and alcohol is legal, it makes sense to avoid
pot altogether while we wait for the lawmakers
to decriminalize its use.)
From: Scott C
Sent: Monday, May 07, 2007 2:25 PM
Subject: pot farm ... comment
Once upon a Time, In Nanaimo County B.C.,
Canada, I bought and renovated a "Dope Growing
Actually, I bought the house and 5 ac property
from the county court, as it had been
confiscated and the prior owners were in jail.
Local law enforcement clamed that the operation
was busted due to electricity consumption ...
somewhat unlikely, because they used a concealed
gas fired generator, very well muffled, for the
The reality is more likely that someone turned
them in , either over a grievance or for a
reward. Note to all you Dope Growers: fooling
around with other people's wives and/or teenage
daughters is really risky, so is buying new
Harleys with cash.
Renovation, in my case, included removal of all
the equipment, addition of bath rooms,
structural repairs, etc. (this little project
was followed by the "contract" renovation of the
only house ever confiscated in Nanaimo, B.C.,
for the practice of "Satanic Worship -
Witchcraft" ... but that's another story)
Back to the story, this Tennessee operation
is really neat, professional, well designed and
constructed. In many ways, a thing of
beauty....Illegal of course, but neat all the
(Rick Archer's Response: I
smiled when I read Mr. C's concluding
statement above. I am grateful to him
for sharing his thoughts.
In May 2007 my article on the Tennessee
Pot Farm went big-time when Reddit.com
decided to list it, a development I
never anticipated. Imagine my
surprise! One day all sorts of
emails came pouring in out of the blue.
Fortunately one of the emails mentioned
'Reddit', so I was able to understand
what was going on.
After a wave of emails flooded my In
Box, I decided to post some of the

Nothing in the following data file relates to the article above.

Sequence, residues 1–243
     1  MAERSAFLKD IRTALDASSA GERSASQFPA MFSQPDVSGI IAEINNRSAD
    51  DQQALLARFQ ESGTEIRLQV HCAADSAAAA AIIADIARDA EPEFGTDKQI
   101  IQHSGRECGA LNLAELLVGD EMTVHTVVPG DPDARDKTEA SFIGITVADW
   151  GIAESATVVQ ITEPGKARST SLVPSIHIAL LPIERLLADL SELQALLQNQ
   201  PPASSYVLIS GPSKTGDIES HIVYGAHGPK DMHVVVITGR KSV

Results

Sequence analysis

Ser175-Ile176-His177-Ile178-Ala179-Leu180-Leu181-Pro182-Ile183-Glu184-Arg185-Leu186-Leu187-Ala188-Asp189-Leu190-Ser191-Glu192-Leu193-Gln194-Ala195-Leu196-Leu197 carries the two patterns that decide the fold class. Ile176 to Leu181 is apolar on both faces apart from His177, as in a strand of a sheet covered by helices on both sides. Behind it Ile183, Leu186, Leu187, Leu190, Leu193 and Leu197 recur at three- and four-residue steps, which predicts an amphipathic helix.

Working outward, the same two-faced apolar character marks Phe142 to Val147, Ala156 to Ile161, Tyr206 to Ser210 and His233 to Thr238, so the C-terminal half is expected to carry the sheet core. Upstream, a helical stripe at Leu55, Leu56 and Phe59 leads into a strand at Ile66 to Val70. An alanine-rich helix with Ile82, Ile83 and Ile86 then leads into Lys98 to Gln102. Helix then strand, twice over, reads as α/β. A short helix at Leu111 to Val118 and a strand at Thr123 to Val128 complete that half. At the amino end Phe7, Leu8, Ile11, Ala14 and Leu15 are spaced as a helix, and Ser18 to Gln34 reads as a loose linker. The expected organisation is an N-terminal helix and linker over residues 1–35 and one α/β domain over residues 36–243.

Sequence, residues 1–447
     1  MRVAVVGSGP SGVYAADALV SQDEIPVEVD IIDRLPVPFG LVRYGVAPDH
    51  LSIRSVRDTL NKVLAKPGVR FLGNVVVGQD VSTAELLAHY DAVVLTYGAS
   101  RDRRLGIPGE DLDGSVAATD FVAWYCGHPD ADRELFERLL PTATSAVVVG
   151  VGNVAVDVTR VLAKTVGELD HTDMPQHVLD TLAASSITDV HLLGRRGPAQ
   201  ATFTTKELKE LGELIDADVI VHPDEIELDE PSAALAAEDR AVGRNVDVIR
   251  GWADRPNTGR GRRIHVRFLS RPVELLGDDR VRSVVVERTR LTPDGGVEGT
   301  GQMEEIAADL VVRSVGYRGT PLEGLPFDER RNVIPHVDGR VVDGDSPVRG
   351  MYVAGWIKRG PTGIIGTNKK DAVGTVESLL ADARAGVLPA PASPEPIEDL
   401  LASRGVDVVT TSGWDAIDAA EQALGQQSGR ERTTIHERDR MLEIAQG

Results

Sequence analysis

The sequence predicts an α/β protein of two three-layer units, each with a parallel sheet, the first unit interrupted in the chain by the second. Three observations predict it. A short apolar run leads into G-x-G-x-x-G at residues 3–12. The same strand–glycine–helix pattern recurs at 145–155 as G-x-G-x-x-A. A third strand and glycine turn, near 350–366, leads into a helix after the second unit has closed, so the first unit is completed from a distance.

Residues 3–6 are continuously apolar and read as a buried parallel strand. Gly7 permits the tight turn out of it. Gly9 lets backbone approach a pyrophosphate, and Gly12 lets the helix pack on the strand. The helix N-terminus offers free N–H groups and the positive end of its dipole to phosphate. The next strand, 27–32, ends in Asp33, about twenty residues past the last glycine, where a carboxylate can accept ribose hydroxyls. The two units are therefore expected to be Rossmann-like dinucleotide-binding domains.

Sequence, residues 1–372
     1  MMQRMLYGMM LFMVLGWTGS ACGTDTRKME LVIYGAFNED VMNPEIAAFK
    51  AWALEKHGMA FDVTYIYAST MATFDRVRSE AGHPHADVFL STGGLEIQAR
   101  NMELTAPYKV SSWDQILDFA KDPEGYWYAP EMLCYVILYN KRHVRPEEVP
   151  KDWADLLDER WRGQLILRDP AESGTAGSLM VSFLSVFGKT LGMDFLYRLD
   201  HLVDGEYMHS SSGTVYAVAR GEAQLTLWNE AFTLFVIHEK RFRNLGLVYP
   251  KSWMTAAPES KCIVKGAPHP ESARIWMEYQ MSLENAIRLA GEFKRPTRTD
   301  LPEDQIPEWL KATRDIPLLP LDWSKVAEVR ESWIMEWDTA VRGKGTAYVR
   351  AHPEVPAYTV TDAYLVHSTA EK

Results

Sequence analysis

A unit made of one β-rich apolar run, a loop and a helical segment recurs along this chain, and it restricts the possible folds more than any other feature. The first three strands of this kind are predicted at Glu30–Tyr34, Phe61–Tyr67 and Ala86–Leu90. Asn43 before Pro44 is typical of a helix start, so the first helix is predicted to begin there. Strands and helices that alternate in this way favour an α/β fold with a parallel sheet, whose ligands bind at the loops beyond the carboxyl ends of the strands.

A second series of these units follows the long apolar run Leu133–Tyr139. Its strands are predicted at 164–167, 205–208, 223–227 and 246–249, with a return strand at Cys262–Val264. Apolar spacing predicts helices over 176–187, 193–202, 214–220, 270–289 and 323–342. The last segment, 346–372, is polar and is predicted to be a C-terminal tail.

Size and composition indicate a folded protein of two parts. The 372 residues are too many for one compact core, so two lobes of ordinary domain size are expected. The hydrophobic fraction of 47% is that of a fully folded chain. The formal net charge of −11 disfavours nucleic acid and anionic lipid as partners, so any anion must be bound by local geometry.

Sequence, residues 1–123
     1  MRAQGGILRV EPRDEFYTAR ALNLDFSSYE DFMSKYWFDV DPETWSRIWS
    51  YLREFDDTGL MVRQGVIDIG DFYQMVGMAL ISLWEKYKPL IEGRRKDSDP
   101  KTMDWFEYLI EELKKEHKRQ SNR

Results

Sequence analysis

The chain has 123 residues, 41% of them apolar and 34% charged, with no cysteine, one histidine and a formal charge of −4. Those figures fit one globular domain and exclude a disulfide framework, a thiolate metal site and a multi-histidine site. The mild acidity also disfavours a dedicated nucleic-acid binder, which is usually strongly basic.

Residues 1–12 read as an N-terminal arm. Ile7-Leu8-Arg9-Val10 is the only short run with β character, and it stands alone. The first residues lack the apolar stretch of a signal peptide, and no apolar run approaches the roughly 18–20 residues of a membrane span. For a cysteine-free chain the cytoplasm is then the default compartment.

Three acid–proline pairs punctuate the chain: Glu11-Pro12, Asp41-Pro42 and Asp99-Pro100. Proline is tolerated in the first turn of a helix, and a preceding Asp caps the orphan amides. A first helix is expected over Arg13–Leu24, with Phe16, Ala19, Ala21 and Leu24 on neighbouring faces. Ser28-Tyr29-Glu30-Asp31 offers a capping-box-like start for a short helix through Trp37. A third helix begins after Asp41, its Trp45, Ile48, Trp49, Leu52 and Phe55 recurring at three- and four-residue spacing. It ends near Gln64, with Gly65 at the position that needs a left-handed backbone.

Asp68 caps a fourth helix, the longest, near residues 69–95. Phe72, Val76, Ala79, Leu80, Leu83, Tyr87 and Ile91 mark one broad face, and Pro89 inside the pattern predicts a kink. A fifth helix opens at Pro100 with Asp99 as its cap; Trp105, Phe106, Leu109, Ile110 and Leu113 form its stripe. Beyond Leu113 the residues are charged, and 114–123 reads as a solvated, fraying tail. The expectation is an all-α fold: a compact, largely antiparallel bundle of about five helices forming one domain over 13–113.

letters. Immediately I received all
sorts reactions to these emails. It did
not take long to realize I had
accidentally positioned myself to be a
player in our country's long-standing
debate on the legality and the danger of
marijuana. Since I am not a
marijuana user myself, I initially found
myself quite flat-footed to know how to
respond to some of the letters.
However, after giving it some thought
for a day, I have chosen to list my
replies to several of the letters.
people emailed offers to sell me pot.
One man said he grew the finest
marijuana in the world, Green Goblin,
as he called it. He even sent me
some proud pictures as testimony to the
quality his product. I have included one
of his pictures at right.
I left myself open for these kind of
advances due to my ambiguous stance on
marijuana. However, now that I
have been inundated with emails, I think
it would behoove me to clarify my
position vis a vis marijuana.
my very limited experience, I don't
think marijuana is anywhere near as
dangerous as the draconian laws of our
country make it out to be. I feel
the judicious use of marijuana is
unlikely to be a major threat to
other hand, I also feel that marijuana,
like alcohol, has physical and
psychological risks. If someone abuses
marijuana, they are asking for trouble.
Visitors to this web site need to know I
could care less about Pot. I was
attracted to the story of the Tennessee
Pot Farm Bust because it showed daring
and ingenuity. Furthermore there
were no bleeding, injured, suffering
victims to ruin the fun.
I feel the same way as Mr.
Tennessee operation is really neat,
professional, well designed and constructed. In
many ways, a thing of beauty....Illegal
of course, but neat all the same."
Sent: Wednesday, May 09, 2007 11:04 PM
Subject: Pot farm
Interesting photo collection & article on the
pot farm. What I'd give for that place! Not to
grow pot, but as I was raised on a farm I have
always wondered about ways to improve crop yield
conditions without the use of chemicals or
genetically enhanced crops.
Of course when I was a kid we just used
chemicals. Trust me, if you haven't
washed the produce well enough, you don't get
all the nasties off. Trust me- apples treated
with Diazonon aren't healthy or taste good
(though I have no problem with insects when in
the mountains, so perhaps
it's a trade off?).
In response to Malcolm C (LETTER
EIGHT) you said "Moral of the
story: Crime doesn't pay."
Buddy, come to Chaffee County in central
Colorado. Here citizens have no rights and not
only are YOU at risk, but so is your wife and
Anyone can do anything to you and or family and
get away with it. And if you so much as raise a
finger in defense, you will be arrested. Not my
opinion, but fact.
Good writing on your article!
Reply: Fear of unreasonable law enforcement in a
rural setting is a theme that Western movies